A new contact lens is being developed by Dr. Eric Tremblay (a designer) from the Swiss Federal Institute of Technology that may help people see that suffer from age-related macular degeneration. The contact lens features an inbuilt telescope. Read more here
There are many types of thickness measurement- one of those being ultrasonic thickness measurement. Ultrasonic thickness measurement has many benefits, but falls short in a few critical areas where optical thickness measurement excels. Here are the details:
One of the most prevalent measurement devices in a medical balloon or catheter manufacturing facility is the micrometer gauge. It is simple and inexpensive. But, this measurement technique is subject to a high degree of operator variability. Another limitation is that it measures total thickness only, and not the actual individual wall thickness. Furthermore, a micrometer compresses the measured part, and must, by design, come into contact with the material. The micrometer does not provide engineers with the precise and detailed information they need to develop and improve production processes. What other issues are there? Read More
This is a fun summary of 10 great new ideas in the medical device industry that could really change your life. As we look back on 2014 and forward to 2015 we should keep these technologies in mind. All of them use photonics at their core.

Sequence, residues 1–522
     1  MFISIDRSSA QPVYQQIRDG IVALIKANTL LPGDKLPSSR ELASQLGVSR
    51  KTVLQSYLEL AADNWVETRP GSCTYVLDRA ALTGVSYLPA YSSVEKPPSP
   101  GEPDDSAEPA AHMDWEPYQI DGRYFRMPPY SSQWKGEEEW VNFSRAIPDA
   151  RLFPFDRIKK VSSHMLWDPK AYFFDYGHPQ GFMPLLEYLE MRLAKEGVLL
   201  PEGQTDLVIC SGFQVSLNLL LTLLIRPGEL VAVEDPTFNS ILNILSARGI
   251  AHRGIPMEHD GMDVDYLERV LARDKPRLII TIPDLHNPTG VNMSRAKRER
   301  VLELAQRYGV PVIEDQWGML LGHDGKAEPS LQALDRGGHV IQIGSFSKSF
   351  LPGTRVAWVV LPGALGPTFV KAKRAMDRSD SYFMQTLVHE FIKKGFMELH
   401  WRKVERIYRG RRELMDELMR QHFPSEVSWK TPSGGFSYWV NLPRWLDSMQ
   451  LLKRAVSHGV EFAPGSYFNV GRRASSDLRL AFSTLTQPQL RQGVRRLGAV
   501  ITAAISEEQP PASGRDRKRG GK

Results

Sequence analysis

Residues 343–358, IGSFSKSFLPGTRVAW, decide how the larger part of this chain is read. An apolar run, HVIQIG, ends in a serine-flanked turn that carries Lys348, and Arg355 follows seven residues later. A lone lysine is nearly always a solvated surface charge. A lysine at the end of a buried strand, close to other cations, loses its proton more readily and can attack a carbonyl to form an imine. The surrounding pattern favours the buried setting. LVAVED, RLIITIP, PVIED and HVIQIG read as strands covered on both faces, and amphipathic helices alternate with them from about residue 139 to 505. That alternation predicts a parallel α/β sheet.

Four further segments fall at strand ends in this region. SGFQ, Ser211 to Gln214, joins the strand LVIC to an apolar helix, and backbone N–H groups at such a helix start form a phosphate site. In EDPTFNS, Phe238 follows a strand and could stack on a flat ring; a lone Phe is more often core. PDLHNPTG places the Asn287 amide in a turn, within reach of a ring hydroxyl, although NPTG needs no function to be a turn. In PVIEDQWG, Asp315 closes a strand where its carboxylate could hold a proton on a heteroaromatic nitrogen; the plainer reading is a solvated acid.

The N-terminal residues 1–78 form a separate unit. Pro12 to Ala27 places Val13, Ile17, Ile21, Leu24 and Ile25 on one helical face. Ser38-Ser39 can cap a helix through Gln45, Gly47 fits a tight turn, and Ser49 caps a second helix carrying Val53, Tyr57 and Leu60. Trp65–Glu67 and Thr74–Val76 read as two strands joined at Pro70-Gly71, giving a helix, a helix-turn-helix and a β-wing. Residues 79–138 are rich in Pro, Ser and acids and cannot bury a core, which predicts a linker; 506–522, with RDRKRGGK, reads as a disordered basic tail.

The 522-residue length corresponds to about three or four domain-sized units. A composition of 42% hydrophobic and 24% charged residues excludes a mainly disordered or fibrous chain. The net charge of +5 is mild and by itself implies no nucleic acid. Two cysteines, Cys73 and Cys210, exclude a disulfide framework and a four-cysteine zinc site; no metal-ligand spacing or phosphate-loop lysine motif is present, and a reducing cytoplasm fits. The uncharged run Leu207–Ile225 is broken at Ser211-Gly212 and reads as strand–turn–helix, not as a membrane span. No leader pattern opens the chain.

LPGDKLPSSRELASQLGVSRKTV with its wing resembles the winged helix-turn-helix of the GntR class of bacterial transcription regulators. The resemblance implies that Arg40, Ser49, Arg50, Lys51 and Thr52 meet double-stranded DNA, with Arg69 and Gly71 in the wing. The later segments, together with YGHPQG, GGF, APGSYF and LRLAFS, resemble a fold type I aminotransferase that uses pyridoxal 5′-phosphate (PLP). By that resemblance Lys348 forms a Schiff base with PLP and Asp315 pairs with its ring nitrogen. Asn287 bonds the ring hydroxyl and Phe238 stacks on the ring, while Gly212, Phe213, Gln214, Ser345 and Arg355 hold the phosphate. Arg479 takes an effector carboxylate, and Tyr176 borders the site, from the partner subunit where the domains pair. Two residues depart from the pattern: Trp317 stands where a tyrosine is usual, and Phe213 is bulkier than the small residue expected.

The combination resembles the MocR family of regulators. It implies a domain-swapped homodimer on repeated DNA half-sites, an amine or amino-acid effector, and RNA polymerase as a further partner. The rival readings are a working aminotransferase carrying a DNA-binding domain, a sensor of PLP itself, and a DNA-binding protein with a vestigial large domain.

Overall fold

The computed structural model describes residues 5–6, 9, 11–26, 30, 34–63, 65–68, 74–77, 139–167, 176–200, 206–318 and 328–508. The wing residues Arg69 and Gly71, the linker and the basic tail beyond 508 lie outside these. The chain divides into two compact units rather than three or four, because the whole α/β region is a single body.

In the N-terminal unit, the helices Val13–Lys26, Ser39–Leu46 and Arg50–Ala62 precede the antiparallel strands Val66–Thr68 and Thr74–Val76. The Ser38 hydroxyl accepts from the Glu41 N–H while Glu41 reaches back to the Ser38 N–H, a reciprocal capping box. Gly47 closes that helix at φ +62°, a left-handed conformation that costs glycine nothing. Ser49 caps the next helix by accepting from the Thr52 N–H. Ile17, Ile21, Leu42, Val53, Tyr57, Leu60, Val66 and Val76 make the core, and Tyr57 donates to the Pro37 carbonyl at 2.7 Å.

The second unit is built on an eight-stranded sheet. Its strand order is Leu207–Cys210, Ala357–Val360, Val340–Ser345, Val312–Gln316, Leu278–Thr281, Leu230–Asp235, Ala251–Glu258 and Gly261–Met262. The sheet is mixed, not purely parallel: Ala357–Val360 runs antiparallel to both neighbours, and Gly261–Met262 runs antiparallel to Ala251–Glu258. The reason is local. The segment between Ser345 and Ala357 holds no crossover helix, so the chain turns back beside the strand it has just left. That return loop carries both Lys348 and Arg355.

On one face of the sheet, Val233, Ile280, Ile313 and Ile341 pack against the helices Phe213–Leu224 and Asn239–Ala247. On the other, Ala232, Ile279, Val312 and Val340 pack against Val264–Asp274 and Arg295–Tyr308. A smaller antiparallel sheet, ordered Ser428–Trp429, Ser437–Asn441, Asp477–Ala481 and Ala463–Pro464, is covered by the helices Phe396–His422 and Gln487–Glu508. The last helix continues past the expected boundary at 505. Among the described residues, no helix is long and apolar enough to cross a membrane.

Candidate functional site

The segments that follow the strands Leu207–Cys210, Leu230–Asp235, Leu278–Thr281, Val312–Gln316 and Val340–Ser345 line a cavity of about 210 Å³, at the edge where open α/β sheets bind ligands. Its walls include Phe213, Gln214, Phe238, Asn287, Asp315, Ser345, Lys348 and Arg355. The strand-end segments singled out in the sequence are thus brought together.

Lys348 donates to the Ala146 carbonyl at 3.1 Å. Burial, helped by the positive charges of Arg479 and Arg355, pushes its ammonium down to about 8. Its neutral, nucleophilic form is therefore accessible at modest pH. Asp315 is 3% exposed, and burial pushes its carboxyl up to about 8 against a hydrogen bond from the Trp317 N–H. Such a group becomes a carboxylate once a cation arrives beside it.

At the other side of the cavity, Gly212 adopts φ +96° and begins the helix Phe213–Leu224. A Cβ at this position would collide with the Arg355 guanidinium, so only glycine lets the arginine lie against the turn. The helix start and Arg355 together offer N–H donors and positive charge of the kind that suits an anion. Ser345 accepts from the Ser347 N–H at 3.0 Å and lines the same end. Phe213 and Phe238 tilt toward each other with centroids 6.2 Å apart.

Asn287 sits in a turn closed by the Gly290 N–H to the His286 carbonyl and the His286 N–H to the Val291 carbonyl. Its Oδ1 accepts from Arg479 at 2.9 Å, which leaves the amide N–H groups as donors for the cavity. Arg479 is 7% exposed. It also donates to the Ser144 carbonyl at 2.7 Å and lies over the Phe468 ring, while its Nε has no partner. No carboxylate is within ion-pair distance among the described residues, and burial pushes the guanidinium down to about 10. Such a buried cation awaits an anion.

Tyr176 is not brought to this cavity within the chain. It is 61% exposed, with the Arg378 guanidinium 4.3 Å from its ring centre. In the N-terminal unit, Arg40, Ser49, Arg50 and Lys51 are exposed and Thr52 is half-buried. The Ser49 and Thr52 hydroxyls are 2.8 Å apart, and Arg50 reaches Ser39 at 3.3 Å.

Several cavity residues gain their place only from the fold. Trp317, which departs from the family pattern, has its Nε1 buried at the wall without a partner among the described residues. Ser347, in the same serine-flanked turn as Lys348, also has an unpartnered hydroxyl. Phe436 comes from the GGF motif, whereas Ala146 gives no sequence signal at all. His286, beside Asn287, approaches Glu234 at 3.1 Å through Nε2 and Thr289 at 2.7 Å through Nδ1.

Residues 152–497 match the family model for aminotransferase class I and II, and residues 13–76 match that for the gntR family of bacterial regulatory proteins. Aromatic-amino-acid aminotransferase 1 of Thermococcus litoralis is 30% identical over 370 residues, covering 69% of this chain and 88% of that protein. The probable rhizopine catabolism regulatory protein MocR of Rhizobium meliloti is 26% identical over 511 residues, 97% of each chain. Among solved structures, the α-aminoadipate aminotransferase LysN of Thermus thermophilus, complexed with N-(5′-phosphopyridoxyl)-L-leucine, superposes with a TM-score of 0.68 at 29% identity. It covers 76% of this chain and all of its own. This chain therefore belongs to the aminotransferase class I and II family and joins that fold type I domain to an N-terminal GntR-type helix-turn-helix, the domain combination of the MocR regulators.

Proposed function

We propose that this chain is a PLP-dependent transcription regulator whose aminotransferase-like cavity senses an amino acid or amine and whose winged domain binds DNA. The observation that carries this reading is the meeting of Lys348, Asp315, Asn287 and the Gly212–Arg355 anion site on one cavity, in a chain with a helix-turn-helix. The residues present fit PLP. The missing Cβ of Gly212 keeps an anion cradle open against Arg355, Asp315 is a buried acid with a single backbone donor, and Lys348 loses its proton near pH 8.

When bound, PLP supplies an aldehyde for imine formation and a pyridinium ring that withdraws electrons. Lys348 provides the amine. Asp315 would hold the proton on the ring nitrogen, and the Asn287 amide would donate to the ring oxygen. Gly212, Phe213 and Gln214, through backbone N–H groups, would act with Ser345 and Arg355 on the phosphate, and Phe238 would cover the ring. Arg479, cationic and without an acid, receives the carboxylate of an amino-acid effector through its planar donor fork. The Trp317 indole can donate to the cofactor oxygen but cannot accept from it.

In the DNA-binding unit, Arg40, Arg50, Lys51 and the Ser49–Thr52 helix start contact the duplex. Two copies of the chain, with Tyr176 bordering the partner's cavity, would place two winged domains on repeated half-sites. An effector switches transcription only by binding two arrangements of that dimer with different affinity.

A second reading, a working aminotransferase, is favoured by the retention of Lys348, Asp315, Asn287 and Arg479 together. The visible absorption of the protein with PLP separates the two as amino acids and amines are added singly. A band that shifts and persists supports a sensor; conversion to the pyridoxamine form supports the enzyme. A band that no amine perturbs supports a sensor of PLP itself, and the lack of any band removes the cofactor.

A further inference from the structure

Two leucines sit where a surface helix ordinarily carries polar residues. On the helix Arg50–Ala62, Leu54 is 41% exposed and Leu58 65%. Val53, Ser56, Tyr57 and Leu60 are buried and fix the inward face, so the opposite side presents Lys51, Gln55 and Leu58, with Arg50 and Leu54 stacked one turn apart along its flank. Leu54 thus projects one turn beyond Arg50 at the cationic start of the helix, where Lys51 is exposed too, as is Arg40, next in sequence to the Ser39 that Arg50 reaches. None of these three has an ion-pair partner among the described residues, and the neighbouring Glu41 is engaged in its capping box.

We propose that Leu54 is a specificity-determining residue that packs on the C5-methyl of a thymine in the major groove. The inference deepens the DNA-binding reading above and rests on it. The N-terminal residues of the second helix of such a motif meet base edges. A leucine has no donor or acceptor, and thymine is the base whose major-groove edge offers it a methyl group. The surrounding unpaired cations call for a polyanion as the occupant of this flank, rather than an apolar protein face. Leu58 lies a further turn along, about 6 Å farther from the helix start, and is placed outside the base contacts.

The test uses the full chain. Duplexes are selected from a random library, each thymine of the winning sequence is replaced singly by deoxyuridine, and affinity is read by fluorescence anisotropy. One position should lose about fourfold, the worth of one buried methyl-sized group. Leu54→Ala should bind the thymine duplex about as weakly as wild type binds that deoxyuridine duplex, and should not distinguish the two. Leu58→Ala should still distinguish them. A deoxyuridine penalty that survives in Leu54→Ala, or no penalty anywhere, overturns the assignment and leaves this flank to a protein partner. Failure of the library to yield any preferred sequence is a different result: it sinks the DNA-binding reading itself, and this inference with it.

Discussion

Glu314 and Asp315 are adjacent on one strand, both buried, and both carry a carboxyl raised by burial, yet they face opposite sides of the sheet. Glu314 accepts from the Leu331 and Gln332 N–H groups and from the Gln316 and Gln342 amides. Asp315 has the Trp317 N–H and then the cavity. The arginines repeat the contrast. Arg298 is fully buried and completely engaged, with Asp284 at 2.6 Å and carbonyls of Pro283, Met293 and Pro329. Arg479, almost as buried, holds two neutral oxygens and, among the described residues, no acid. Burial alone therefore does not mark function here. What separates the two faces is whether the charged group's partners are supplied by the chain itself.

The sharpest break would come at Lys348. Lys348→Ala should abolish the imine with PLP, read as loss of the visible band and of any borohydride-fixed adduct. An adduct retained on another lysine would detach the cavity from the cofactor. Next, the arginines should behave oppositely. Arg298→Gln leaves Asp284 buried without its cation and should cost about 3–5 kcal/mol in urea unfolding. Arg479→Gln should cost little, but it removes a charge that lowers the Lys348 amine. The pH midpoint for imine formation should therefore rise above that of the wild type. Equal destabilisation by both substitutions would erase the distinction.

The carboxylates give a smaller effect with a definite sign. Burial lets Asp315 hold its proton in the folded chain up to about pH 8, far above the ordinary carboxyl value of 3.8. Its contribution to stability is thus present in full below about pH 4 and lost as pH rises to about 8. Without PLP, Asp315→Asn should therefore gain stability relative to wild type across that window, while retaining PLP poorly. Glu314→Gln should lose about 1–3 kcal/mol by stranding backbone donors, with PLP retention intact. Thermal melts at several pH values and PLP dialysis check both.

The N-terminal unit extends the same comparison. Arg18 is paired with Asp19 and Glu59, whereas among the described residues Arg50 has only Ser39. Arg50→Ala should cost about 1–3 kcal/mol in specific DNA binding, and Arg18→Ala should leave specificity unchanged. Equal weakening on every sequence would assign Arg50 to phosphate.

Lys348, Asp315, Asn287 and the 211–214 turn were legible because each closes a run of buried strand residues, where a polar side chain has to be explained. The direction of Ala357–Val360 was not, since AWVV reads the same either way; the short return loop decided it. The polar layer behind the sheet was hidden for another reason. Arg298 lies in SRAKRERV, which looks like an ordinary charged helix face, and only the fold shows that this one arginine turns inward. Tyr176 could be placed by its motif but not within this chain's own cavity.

Great re-cap on the 2014 RRPC Annual Meeting- which was a huge success, as always. The push for the national manufacturing institute in Optics and Photonics to be created here in Rochester, NY is stronger than ever and hopefully our dreams will become a reality with lots of continued hard-work to make it happen. Read the full article on the New York Photonics blog!
Lumetrics was featured in a Glass International publication about how glass thickness measurement is a critical parameter in a successful operation. Vice President Steve Heveron-Smith described how an all fiber-based interferometer, like Lumetrics' OptiGauge™ can work in different glass applications.
Common methods for measuring glass include laser triangulation, spectrometers, digital micrometers, and manual touch gauges of various types. Manual touch gauges have all the issues inherent to manual measurements including variability based on user, longer time to measure, data integrity, and operator error. Automated gauges like spectrometers, and laser triangulation gauges remove the data integrity and time to measure issues, but often result in issues with set-up and usability.
Lumetrics® has developed an all-fiber based interferometer called the OptiGauge™. Traditional white light interferometers use a mechanical rotating flywheel with mirrors to provide the core function of creating interference fringes- what the system measures. The rotating flywheel is used in conjunction with free space optics, which channel a light beam through a series of mirrors and prisms and then out through an optical fiber to the probe and measured surface. These mirrors can be subject to alignment and use issues over time.
Read the full article here.